countries, especially the Nordic countries and never underestimated the difficulty of the situ-
Britain. “We see many opportunities. Our niche ation at hand best stresses that Glitnir is well
is the food industry and energy production. We equipped to weather the storm.
know those fields well and will build on them.” Lárus graduated from the business program
The first year and a half turned out to be at the University of Iceland and has worked in
much more difficult than the 30-year-old chief banking since then. He is very competitive and
executive could have imagined. The American even though being CEO of Glitnir is a 24-hour
mortgage crisis spread to Europe and Iceland job he takes the time to exercise. In the Glitnir-
was not immune. Glitnir had to lay off over 200 sponsored Reykjavík Marathon he ran a half
employees. Members of the board and the CEO marathon this year. It may be similar to his chal-
all reduced their salaries by 50 percent as part of lenging job, in that he still has to complete the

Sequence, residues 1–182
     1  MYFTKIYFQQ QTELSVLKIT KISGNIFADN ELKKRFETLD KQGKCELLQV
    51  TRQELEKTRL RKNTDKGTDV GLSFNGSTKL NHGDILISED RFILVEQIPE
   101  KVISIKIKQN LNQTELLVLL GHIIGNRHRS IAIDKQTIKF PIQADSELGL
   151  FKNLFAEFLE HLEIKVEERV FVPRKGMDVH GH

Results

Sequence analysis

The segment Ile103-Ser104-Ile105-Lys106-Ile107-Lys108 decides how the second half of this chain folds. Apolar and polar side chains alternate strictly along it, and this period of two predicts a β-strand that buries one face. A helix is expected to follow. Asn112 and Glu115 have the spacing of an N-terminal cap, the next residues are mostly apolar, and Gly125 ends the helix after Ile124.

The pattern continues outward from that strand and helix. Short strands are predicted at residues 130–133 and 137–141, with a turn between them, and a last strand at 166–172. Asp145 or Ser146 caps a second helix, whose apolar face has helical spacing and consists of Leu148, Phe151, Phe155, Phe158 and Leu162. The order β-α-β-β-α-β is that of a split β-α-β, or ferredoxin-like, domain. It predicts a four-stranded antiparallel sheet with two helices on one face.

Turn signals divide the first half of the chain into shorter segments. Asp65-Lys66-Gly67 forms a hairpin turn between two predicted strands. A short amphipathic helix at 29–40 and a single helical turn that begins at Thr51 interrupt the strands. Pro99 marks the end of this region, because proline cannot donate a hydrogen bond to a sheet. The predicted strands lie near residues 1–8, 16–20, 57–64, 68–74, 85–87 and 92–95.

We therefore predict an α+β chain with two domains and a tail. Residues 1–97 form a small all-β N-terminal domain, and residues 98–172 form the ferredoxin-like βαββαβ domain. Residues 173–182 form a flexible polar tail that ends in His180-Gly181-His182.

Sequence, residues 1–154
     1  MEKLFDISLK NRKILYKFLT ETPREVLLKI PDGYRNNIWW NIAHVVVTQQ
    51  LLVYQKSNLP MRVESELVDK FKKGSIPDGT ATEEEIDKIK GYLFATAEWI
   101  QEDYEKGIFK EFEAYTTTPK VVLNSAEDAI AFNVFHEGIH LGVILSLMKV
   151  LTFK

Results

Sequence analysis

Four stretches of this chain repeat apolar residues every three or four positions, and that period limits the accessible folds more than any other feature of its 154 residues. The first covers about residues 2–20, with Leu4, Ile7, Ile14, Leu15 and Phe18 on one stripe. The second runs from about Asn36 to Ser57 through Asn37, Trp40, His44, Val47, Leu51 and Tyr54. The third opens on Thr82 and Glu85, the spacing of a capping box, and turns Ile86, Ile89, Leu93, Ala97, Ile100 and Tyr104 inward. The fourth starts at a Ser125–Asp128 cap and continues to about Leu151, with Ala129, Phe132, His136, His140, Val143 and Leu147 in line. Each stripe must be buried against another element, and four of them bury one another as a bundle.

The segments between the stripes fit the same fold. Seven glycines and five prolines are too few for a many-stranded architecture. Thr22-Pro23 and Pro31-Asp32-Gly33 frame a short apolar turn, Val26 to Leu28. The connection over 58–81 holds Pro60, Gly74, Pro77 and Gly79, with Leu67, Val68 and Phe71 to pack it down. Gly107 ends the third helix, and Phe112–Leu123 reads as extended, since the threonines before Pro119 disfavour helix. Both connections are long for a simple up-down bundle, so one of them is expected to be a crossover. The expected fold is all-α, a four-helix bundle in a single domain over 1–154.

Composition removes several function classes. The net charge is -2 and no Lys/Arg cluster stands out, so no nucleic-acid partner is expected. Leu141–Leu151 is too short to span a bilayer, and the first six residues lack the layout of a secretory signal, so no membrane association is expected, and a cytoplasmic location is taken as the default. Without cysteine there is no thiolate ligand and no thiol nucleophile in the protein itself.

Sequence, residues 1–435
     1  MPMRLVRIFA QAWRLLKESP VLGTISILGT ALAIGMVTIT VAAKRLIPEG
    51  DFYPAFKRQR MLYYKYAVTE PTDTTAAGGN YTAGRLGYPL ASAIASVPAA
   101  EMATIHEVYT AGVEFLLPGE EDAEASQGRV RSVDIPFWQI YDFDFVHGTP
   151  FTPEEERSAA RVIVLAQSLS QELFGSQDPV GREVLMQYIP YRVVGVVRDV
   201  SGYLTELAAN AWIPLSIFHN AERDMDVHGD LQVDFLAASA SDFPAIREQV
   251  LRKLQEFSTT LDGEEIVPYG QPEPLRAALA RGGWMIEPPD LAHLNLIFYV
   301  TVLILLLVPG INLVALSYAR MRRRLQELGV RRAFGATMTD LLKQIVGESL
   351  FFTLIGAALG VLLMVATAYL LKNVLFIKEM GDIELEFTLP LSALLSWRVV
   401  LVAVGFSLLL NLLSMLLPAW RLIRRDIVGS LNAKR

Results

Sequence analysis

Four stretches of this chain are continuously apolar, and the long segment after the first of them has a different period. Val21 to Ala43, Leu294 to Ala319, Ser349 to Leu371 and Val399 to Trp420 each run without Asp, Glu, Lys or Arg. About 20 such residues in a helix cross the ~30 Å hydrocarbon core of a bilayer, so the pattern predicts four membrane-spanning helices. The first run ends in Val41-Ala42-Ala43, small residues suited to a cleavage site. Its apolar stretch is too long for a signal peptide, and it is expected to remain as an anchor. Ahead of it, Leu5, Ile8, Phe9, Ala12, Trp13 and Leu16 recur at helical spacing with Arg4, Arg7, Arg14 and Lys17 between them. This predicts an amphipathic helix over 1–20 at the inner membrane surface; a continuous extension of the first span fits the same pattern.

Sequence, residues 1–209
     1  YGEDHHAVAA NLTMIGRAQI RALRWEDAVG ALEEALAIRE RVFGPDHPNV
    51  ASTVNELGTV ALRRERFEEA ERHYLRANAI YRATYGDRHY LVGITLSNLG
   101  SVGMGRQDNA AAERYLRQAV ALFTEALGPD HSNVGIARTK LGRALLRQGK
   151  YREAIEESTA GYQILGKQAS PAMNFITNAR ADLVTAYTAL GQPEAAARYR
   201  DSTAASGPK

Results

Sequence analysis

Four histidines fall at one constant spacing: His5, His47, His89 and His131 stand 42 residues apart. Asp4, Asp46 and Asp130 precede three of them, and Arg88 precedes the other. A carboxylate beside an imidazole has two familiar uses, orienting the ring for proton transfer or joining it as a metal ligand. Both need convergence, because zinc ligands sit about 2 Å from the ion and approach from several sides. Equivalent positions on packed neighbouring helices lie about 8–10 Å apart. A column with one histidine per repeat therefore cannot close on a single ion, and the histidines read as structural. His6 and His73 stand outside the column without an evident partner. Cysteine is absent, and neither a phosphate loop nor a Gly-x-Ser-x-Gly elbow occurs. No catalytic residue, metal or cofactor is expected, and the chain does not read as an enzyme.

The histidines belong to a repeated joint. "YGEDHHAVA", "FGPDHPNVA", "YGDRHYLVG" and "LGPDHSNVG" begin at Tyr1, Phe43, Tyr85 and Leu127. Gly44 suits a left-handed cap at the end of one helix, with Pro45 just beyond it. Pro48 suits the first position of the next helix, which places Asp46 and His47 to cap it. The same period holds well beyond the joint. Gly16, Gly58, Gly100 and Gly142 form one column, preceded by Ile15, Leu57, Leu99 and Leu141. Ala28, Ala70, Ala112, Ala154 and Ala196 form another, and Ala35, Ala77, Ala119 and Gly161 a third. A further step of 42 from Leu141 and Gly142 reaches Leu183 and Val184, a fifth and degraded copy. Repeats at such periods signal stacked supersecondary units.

the bank’s cost-reduction efforts. second half of the Glitnir marathon. c

22 I&I
Icelandic Design
Three pieces from designer Thórunn Árnadóttir.

Cast iron radiator with heat-sensitive
coating. Blue when cold, turns red
when over 30°C.

One bead drops every Krummi
f ive minutes, seeming to Jewelry stand based
slow down time. Remove the on the raven (prominent
beads from the cog to stop in Icelandic folklore), which
time and wear them proudly collects shiny objects for
around your neck. its nest.

More about Thórunn Árnadóttir on page 5.

I&I 23
Photo: Páll Stefánsson

. Trade Council of Iceland .
. invest in iceland agency .
. Ministry for Foreign Affairs .
. .
24 I&I